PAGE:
The 5 Levels of Dirty Diapers & How to Survive Them

When people dream about having babies, they only think about the fun things, like squeezing their cheeks and using them to practice ventriloquism. They don't spend much time focusing on the tough parts of parenting, specifically changing diapers. From what I've heard, this used to be an easy process. But then 9/11 hit and WHAM!, diapers became more dangerous than ever. That's why, with the help of the Homeland Diaper Advisory Board, I've developed the Dirty Diaper Threat Level Alert System.

This system is designed to help you diagnose the potential threat of each type of dirty diaper and advise on how to prepare for (and handle) each situation. No need to thank me yet—thank me after you've survived a Code Red.

The Dirty Diaper Threat Level Alert System: 
LEVEL 1: Code Green. This condition is declared when there is a low risk of bodily fluids escaping the diaper. Federal departments as well as your immediate household should consider taking the following general protective measures:
  1. Keep wipes and spare diapers close.
  2. Make sure changing pad is laid out somewhere away from foot traffic.
  3. Fake cramp in your diaper-changing hand and use sympathy to get mother-in-law to change it for you.
  4. Dispose diaper in any open garbage can or leave it haphazardly on the coffee table until the next time you go into the kitchen to make yourself some bacon.

LEVEL 2: Code Blue. Also known as "A Stinker," this condition is declared when there is no actual evidence of an explosion but there is a general risk of your baby dropping a load based on the terrible smell of her farts. Code Blue farts are toxic and can kill. I've seen a Code Blue take the lives of two doll babies, a Cabbage Patch Kid and one unsuspecting Potato Head. Consider taking the following general protective measures:
  1. Use latex gloves to slowly peek in the diaper to make sure there's nothing actually in there. If there is, you may have to declare a Code Yellow or Orange (see below).
  2. Remove smell by opening windows or cutting off your nose.
  3. Invite mother-in-law over for dinner, but only if she can arrive in next 4 minutes. Hand off baby, run out to pick up pizza. Text her and ask for Code Level before returning. Important Note: Don't forget to use $2-off pizza coupon.

LEVEL 3: Code Yellow. An elevated Code Yellow is declared when there is a significant risk of skid marks in the diaper. This is the type of diaper you offer to change because 1. It's not lethal, 2. It's not messy and 3. It will allow you to use the phrase "I changed the last one" when the big one drops. Consider taking the following general protective measures:
  1. Take off favorite sports jersey.
  2. Put on surgical mask.
  3. Sing Alma Mater fight song to pump you up.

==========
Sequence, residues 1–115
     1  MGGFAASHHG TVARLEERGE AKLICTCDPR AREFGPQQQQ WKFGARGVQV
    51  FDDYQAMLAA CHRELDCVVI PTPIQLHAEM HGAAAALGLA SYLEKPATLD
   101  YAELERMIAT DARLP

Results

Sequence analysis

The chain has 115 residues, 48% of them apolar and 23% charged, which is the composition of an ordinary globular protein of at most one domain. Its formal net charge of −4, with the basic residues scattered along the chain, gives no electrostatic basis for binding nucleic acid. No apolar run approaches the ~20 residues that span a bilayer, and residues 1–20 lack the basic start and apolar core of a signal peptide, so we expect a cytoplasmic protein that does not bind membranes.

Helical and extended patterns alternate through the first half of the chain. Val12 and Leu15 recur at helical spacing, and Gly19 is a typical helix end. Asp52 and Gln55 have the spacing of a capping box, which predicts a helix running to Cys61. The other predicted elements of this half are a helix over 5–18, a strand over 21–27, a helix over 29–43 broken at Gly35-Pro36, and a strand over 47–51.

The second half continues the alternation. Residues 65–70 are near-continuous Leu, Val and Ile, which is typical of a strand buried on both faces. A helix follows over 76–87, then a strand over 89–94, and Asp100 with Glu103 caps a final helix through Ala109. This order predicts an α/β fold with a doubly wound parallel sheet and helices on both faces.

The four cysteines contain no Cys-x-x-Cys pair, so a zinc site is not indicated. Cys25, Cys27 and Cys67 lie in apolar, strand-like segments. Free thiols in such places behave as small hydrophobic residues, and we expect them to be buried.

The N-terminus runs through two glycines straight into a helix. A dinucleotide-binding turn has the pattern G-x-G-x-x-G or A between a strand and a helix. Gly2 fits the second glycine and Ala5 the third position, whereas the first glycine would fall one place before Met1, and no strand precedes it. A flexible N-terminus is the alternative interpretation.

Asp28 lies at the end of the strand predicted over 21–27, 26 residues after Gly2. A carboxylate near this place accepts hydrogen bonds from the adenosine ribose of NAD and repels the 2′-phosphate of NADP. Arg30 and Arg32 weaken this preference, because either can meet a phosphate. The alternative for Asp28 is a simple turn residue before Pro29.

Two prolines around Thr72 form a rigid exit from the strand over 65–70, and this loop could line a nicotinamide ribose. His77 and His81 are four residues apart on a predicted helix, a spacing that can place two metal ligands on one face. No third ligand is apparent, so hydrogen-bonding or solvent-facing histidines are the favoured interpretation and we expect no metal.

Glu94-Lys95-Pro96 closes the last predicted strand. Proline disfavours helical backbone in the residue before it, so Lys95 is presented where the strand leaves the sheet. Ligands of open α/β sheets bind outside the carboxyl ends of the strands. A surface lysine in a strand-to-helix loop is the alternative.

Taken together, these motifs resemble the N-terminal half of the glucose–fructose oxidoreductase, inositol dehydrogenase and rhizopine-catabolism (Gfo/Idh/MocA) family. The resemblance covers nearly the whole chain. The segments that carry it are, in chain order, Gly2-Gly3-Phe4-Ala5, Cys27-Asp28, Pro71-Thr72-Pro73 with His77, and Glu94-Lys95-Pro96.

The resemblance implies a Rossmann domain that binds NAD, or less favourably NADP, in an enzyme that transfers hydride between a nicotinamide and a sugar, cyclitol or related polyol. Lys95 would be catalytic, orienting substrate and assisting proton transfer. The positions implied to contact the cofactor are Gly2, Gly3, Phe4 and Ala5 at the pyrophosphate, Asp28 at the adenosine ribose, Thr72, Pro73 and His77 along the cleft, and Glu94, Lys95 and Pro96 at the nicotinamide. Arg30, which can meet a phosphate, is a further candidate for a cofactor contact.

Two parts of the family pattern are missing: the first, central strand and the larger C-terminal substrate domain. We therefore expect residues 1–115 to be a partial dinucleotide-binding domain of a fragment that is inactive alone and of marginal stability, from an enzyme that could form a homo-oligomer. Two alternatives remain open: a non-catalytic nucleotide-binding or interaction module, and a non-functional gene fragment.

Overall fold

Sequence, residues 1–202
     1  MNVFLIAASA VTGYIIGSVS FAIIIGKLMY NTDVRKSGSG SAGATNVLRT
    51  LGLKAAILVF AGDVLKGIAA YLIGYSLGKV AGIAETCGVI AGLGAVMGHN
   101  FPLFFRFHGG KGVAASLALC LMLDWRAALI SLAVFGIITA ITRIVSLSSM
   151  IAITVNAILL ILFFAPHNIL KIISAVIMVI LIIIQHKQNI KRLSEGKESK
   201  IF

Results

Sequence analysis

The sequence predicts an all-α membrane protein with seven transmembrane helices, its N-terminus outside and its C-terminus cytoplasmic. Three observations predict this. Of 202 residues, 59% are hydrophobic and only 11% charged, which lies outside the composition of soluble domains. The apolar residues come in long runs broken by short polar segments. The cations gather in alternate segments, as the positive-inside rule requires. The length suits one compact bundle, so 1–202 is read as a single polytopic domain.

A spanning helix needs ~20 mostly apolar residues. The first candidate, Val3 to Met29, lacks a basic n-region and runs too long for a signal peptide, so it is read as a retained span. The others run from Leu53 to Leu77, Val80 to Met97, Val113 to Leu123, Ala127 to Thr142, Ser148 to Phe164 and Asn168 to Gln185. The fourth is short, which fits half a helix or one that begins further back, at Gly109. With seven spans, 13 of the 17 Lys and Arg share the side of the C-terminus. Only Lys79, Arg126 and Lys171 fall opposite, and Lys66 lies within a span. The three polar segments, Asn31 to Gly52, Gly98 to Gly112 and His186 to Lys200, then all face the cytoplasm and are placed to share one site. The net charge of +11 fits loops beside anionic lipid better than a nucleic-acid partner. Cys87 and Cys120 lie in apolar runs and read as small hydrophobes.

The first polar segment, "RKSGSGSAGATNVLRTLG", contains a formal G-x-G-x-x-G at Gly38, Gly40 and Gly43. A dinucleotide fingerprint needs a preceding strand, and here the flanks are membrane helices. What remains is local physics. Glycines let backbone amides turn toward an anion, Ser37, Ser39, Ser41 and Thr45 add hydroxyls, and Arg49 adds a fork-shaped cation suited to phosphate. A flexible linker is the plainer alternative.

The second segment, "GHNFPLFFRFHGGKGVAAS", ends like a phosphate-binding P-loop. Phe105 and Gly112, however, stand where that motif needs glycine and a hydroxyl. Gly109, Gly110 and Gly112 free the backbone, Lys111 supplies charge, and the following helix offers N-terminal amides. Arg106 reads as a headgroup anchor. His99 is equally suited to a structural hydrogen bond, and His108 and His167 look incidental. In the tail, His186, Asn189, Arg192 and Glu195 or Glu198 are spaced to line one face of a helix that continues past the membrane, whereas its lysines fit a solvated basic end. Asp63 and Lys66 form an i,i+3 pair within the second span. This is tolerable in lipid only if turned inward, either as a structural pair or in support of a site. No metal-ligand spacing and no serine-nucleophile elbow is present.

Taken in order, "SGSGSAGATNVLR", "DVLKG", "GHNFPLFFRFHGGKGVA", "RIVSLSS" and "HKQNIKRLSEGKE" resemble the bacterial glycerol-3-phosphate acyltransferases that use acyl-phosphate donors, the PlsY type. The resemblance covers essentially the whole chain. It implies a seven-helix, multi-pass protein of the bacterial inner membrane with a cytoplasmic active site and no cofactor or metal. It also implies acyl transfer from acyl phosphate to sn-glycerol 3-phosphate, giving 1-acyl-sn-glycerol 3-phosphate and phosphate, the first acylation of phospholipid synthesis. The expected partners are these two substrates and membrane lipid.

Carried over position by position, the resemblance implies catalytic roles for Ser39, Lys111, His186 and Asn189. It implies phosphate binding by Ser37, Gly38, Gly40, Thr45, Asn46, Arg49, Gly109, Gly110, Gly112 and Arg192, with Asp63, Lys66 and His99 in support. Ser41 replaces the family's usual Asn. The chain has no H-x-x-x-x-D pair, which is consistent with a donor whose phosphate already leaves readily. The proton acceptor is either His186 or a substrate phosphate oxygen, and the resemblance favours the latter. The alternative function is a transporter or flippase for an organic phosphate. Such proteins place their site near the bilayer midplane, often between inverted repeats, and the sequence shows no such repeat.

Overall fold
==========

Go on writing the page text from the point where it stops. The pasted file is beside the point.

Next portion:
4. Make sure someone's purse is close and open. Dirty diaper + Open purse = practical joke enjoyed by all.

LEVEL 4: Code Orange. A Code Orange is declared when there is a high risk that the diaper is filled with a bomb but remains contained. Signs of a Code Orange include sweating, grunting, crying and foul odors—and that's just from you. The baby, likely embarrassed that she had to drop one in front of everyone in the living room, will pretend like nothing happened. Consider taking the following general protective measures:
  1. Also pretend like nothing happened.

LEVEL 5: Code Red. This is also known as a "Nuclear Attack." Slimy particles not only escape from the diaper, they leap and ruin anything within a 5-mile radius. Liked that onesie? Too bad, it's got poop on it. Liked that Green Day poster on your wall? Too bad, it's got poop on it. Liked your forehead? Too bad, it's got poop on it. Liked that 62-inch flat screen TV? Too bad … well, actually, you were wise enough to cover it in 11 layers of plastic and 4 rolls of duct tape to protect it during just such an event. Good for you! Consider taking the following general protective measures:
  1. Invest in Hazmat suit.
  2. Pray for a miracle.
  3. Man up and change that diaper, no matter what is clinging to your forehead. 
  4. Take picture and send to your wife while she is at work. She will appreciate it. 
  5. And finally, place all material that's fallen victim to a Code Red in a garbage bag, seal tightly, drive to neighboring state and bury it in the backyard of a Yankees fan. (Another practical joke enjoyed by all.)
The truth is, diapers are gross unless they are your kid's. And while I joke, I've changed every type of diaper imaginable, including a Code Erupting Volcano (details of this are too unfit to print). And I've survived—barely. I hope this chart helps you recognize and diagnose the proper threat level of dirty diapers and allows you to survive them, too.

I also hope you've perfected your ventriloquist skills.

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